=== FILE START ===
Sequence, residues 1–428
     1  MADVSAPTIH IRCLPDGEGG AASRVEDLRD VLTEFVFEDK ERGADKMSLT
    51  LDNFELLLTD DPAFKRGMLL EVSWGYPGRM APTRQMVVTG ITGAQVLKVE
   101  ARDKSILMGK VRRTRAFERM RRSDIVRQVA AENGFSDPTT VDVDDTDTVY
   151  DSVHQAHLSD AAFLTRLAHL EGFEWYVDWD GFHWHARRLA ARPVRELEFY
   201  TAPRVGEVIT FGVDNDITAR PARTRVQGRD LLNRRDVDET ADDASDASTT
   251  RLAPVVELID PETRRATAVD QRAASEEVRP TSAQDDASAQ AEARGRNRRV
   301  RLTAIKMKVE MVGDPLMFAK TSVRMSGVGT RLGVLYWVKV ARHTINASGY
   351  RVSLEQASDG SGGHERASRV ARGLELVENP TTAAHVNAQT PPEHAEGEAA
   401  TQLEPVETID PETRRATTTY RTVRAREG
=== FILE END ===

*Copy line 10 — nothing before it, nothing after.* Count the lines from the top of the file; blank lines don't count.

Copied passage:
   401  TQLEPVETID PETRRATTTY RTVRAREG